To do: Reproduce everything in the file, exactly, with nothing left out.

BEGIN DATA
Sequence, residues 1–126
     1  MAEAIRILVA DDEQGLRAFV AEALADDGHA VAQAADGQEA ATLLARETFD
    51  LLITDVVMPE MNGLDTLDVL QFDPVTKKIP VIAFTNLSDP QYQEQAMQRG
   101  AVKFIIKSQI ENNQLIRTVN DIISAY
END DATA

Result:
Sequence, residues 1–126
     1  MAEAIRILVA DDEQGLRAFV AEALADDGHA VAQAADGQEA ATLLARETFD
    51  LLITDVVMPE MNGLDTLDVL QFDPVTKKIP VIAFTNLSDP QYQEQAMQRG
   101  AVKFIIKSQI ENNQLIRTVN DIISAY